Life-Changing Improvements Underway in Madagascar Villages
A new 42-month Medair project in Analanjirofo region will give more than 125,000 people access to safe drinking water and 12,000 people better access to latrines.
People often perceive Madagascar as a heavenly place on earth, a place for holidays, where white sand beaches and coral reefs compete in beauty with the primary forest and lemurs. This is not false but it is not the whole picture either.
Madagascar is one of the poorest countries in the world, listed 151st (1) out of 187 countries on the Human Development Index. Did you know that in 2010, less than half of the population (44.9 percent) had access to safe water? This makes Madagascar one of the worst of all the Sub-Saharan countries for safe water access (the average for the region was 60 percent (2) in 2008).
Thanks to funding from the E.C. Directorate-General for Development and Cooperation – EuropeAid, Swiss Solidarity, and private donors, Medair has launched a new project that will last for 42 months with aim of sustainably improving safe water access and sanitation in 10 townships in Analanjirofo region, northeast of the country. This region was chosen because it is a remote area prone to annual cyclone strikes where one million people make a subsistence living mainly from agriculture
In the nine rural townships where we are working, only four percent (3) of the residents currently have access to safe and clean water.
- Medair plans to build 705 safe water points and bring the coverage up to 85 percent of the population (4).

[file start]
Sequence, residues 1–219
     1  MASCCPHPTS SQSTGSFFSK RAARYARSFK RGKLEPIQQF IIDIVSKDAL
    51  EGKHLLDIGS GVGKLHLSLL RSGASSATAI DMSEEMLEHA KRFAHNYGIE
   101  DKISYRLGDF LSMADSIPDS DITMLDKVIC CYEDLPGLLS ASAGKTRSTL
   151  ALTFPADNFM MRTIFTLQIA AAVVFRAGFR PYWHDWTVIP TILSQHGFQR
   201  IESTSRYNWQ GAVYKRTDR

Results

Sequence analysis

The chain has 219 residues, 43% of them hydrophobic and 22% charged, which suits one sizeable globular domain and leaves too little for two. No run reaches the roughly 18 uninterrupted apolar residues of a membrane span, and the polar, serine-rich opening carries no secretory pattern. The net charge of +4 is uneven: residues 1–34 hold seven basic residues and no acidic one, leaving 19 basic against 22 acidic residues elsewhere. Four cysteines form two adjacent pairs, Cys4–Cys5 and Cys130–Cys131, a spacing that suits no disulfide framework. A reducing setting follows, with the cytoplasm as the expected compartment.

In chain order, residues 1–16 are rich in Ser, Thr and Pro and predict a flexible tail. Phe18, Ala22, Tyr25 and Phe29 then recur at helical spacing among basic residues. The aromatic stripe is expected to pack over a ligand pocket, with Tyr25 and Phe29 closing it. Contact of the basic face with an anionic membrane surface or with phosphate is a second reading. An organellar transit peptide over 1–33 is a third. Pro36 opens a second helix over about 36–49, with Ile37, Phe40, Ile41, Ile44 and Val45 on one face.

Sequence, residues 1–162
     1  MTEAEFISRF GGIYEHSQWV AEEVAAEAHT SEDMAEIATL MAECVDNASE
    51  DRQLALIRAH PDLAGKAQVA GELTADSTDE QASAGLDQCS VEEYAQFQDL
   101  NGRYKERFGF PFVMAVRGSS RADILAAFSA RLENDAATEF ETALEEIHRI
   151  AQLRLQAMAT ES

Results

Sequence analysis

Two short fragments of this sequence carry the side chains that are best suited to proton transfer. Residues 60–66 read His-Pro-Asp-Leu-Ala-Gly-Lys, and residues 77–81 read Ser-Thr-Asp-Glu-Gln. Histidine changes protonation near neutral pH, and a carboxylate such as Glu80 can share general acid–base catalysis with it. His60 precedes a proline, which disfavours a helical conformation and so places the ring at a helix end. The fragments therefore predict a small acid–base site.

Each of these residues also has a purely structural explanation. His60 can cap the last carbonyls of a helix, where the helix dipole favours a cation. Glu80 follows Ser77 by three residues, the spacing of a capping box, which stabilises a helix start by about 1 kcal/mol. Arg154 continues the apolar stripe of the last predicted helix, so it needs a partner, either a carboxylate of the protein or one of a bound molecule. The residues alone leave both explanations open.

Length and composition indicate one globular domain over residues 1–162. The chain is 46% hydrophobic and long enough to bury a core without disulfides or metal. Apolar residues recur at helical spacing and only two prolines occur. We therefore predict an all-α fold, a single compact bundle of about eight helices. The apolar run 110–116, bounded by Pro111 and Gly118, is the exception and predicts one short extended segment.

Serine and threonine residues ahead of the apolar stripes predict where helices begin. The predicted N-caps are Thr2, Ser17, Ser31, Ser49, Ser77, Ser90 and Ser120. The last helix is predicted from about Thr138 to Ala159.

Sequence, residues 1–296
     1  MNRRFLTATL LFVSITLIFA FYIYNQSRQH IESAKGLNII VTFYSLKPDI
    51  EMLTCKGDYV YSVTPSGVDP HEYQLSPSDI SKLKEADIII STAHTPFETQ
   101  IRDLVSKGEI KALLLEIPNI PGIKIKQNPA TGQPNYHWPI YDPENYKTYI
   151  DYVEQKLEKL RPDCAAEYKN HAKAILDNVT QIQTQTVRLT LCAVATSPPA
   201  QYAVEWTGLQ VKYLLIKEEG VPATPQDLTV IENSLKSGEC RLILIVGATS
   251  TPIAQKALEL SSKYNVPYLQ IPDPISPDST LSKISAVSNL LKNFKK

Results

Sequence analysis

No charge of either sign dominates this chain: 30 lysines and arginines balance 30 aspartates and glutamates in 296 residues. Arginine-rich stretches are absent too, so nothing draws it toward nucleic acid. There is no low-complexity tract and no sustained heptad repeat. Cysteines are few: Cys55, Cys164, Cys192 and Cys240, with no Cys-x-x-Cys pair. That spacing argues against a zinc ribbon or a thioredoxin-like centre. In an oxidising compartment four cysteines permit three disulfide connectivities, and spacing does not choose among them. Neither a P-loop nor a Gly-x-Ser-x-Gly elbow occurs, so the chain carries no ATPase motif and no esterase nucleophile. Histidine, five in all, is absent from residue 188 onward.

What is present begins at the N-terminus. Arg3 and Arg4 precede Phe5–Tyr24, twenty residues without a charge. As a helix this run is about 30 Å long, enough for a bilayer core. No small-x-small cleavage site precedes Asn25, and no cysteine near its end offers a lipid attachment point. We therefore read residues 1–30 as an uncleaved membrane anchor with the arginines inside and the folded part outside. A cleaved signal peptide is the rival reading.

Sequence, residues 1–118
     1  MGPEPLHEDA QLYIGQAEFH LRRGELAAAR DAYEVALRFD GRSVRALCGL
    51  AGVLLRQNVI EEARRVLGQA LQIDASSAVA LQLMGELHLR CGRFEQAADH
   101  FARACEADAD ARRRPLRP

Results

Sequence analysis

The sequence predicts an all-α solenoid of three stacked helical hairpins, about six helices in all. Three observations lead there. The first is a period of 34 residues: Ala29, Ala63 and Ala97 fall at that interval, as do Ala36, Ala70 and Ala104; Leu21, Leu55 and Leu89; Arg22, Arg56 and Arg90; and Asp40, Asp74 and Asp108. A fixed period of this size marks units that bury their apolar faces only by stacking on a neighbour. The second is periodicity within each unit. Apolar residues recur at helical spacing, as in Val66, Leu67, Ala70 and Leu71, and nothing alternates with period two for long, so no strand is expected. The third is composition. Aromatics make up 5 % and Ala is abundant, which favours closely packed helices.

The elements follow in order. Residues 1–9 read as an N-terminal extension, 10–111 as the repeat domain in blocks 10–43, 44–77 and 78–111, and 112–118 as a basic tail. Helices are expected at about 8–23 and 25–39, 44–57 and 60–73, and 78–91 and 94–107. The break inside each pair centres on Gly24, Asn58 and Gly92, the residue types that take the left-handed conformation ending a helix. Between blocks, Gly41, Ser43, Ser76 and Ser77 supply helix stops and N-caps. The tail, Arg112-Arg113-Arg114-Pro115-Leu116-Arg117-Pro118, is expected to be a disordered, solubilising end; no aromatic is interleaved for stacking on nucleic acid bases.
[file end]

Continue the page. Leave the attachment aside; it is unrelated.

- By 2017, more than 125,700 people will have access to safe water for the first time.
- Medair is also aiming to have 800 improved latrines built in the urban area of Maroantsetra where population density makes sanitation a challenge.
- We plan to reach more than 12,000 people in Maroantestra, bringing the sanitation coverage of improved latrines from 29 percent (5) to 65 percent (6).
“Improving water, sanitation, and hygiene (WASH) is what we’ve been doing for years in rural Madagascar,” said Daniel Calzada, Country Director. “We are confident that this major new project will improve the general health of thousands of Madagascar’s most vulnerable families.”
1 Human Development Report 2011, UNDP.
2 Source: Rapport OMD 2011.
3 Source: SIBA (Système d’information de la baie d’Atongil. Enquête Avril 2011.
4 Source : Données WASH, Medair. Novembre 2011.
5 Idem que la note 3 – SIBA, enquête Avril 2011.
6 Idem que la note 4 – Données WASH, Medair. Novembre 2011.
Medair helps people who are suffering in remote and devastated communities around the world survive crises, recover with dignity, and develop the skills they need to build a better future.
This information was produced with resources gathered by Medair field and headquarters staff. The views expressed herein are those solely of Medair and should not be taken, in any way, to reflect the official opinion of any other organisation.